So, I've spent a lot of time this week after returning from Mexico catching up on what I missed out on. I was up-to-date on the World Cup, but I had been oblivious to everything else that happened for the two weeks I was gone.
The first shock when I came back was the horrible 4th of July weekend Chicago had, during which 82 people were shot and 16 of those victims had died. The Twitterverse responded rather quickly, using the hashtag "FixingChicago" as a way of generating awareness and share ideas on how to change the city. The issues range from violence to education and are all tangled up together in a web of politics, racism, and money.
Now, I've led a pretty good life on the North Side of the city, but I don't think that bars me from believing that something needs to change and having an opinion about maybe how we should go about doing that. It disgusts me how a city I love, at city in which I have spent most of my life, can be so broken. I'm not a first-hand witness to a lot of what goes on, but I'd love to try. I mean, at this point I think we're pretty desperate. 16 dead is 16 not alive and is 16 too many for the 21st century.
So there's a lot going on in Chicago all at once. But before we say "I spot a problem, let's do this and hope it'll go away," as we have done in the past, maybe we should look at how all these problems are related and find the most efficient way to go about solving everything. Yes, everything. I'm out to save the world, I think you should join me for the ride.
Now, hold on. Let's just make a nifty list of what these shifting problems, we'll call them variables so it's like math, are: gun violence, access to education, and public transportation are the biggies, at least that I see.
Now, let's dissect them, starting from the bottom:
Public transportation is a biggie because without it, a lot of people can't get around to school or work or wherever they need to go to be able to support themselves and prepare for their futures. It's a big deal. And when Ventra was launched, it was a hassle but ended up being pretty good to CPS kids, it's 75 cents a ride, with 15-cent transfers. Not terrible. But this summer, despite many kids being involved in school-related activities such as sports or summer classes, or having internships or jobs that'll have a great impact on their post-high school lives, the CTA bumped prices back up to full fare for students. But even when it is at a reduced price, the CTA doesn't go everywhere. There are areas of the city that are in desperate need of a bus service, but I haven't heard anything about that. So public transportation's a biggie that isn't being handled very well at the moment.
Education is a biggie for what I hope are obvious reasons, but let's look at how it's impacted by public transportation and how it impacts gun violence to really get a sense of what's going on. So, like mentioned earlier, CTA dropped the ball on fares for students this summer, and a lot of kids rely on public transit to get to school. Like, a lot a lot. So there's that. And also, it's been pretty much proven that when kids are in school (good, safe schools, specifically), they have less time to do other things like getting involved with the wrong people and the wrong things. But with all the recent school closings and budget cuts, students have been forced to travel farther (amplifying the dependence upon public transportation and the issues with it not being accessible by all students), which also means more time on trains and buses and less time studying. Education is powerful, we've learned it from Malala Yousafzai. It amazes me that people still don't understand this. If anything Chicago, a 131-year-old city, should know by now. So education's also a biggie.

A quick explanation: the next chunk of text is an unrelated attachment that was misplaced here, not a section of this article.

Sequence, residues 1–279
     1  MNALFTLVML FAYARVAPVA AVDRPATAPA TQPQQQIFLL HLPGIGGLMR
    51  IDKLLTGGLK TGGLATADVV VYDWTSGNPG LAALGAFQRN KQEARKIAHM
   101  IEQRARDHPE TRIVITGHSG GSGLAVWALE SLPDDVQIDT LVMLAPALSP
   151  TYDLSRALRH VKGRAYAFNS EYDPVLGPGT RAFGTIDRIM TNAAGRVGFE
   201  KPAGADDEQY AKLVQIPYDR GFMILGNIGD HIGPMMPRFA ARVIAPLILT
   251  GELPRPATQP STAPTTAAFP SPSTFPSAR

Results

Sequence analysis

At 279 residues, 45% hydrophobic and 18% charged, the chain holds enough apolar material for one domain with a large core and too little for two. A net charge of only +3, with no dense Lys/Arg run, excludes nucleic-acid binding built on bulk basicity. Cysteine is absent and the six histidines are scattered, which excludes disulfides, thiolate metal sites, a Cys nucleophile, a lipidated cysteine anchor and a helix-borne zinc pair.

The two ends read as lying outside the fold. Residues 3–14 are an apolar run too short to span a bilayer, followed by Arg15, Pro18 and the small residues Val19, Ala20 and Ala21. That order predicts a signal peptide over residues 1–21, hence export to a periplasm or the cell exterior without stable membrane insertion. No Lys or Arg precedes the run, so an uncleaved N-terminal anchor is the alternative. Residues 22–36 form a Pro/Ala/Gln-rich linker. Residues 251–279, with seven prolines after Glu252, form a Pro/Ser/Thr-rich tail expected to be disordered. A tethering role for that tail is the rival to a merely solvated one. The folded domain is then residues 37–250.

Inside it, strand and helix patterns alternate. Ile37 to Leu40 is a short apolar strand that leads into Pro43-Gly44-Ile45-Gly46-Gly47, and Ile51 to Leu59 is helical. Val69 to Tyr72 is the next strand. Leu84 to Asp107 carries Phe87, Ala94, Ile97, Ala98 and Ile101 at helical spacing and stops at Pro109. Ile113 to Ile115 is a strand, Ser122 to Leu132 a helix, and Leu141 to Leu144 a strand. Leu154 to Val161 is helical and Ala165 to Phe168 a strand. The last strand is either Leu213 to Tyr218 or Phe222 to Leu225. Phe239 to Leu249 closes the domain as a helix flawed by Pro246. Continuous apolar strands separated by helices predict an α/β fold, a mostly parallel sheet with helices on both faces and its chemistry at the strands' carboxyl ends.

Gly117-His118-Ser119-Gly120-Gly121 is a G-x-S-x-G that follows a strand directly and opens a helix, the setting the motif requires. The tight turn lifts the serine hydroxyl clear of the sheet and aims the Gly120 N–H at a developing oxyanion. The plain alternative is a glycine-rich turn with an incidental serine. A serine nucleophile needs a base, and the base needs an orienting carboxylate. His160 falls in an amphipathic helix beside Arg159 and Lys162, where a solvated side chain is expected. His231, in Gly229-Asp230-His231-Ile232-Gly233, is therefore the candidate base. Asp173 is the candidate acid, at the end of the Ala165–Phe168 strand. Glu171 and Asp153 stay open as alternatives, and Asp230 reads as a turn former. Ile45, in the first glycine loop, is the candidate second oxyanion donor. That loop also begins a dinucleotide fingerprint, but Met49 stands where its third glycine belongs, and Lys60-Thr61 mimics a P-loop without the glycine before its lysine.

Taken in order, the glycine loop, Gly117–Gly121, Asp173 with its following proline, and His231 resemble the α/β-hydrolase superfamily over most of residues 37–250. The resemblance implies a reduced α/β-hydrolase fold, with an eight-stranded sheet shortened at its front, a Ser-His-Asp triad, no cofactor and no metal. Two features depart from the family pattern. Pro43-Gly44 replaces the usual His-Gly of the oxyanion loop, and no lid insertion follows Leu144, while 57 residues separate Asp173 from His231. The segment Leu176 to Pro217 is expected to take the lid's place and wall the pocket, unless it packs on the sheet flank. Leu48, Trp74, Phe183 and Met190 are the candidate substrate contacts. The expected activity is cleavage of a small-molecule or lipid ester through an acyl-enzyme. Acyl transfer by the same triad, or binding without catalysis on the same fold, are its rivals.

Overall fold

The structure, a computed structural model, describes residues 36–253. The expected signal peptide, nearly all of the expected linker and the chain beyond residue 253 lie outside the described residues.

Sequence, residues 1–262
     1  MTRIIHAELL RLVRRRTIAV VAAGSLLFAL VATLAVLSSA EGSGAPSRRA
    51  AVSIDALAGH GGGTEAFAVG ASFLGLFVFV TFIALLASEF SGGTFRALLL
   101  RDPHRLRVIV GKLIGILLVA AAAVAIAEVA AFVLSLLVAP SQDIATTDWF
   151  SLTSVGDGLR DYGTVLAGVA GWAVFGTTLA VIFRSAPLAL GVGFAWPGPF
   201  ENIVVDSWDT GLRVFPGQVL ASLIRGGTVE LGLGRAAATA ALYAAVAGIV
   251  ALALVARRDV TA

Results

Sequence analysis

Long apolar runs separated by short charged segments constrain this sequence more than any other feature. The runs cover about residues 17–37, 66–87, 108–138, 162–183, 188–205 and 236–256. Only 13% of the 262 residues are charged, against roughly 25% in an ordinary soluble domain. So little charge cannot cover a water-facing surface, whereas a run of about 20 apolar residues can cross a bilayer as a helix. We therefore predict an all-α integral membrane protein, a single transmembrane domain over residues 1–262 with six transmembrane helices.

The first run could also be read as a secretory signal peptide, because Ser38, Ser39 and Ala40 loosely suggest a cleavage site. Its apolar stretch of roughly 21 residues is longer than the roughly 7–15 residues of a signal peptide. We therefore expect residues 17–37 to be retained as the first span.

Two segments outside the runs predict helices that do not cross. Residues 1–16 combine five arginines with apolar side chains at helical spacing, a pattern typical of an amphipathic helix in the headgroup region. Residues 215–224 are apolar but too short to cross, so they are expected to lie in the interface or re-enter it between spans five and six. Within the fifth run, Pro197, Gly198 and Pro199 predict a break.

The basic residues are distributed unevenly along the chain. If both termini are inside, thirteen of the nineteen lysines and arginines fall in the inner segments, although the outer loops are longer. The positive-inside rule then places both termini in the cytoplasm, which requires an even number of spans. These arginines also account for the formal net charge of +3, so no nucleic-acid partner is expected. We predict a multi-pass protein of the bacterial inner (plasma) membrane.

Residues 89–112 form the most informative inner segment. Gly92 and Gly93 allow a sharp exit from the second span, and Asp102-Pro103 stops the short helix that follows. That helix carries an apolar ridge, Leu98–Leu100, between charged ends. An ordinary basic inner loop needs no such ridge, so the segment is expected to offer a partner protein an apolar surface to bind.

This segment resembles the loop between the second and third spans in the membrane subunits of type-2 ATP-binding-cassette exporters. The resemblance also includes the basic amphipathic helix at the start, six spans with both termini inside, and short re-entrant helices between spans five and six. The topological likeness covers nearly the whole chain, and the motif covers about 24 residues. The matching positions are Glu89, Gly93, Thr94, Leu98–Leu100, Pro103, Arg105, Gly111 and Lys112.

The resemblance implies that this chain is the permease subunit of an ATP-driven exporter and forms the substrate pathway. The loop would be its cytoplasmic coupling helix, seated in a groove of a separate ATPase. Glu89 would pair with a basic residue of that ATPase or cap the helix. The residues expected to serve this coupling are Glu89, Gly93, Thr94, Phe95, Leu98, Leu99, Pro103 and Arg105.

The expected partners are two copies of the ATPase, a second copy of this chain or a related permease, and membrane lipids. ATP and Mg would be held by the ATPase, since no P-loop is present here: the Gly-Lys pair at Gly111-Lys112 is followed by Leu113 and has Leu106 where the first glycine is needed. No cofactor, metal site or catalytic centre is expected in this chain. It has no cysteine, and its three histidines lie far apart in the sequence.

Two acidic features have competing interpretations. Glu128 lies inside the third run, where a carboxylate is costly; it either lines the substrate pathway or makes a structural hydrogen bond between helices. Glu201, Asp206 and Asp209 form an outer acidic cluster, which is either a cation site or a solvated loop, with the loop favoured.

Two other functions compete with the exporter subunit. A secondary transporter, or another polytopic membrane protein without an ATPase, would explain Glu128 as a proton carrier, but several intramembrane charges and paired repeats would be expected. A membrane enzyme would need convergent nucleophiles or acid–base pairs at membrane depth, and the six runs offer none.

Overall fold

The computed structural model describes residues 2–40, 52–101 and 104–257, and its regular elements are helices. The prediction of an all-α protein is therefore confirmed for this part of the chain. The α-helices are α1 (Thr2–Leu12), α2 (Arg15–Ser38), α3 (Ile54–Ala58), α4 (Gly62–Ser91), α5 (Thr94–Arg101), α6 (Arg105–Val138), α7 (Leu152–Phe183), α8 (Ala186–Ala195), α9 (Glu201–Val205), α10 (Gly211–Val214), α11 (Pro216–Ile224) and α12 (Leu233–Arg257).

Violence is a biggie because it's what's caused outsiders to call us "Chi-raq," what's made residents afraid, and what, most strikingly, has killed way too many mothers, sons, fathers and daughters. Now, it's also a biggie because it's what sparked the whole #FixingChicago movement a few short days ago. It riles people up, it provides hard data, and it needs to stop. And the thing is, I believe it can. With the new awareness this tragedy has generated, maybe it's time that people will start looking for a new, multi-faceted approach to truly fixing Chicago. The bandaid approach of patching up little issues here and there just isn't cutting it anymore. And in my opinion, starting from the bottom, with public transportation and education, it's possible to change the culture around here. So, I say, let's get kids to school in a fast, safe way, and then let's actually teach them some things with teachers who are well-qualified and want to be there, and then let's let them work out their own problems and make their own decisions. I feel like the numbers will drop.
So, that's my quirky kind-of-solution-but-more-like-an-explanation of what I think needs to happen and is currently going on in my city. These are my biggies, but there are many more issues, like medical care and food deserts, homelessness and minimum wage. So, forgive me, if I left out one of your biggies and you're upset. Maybe it's a good thing you're upset because maybe it'll inspire you to come up with your own kind-of-solution-but-more-like-an-explanation and share it with the world.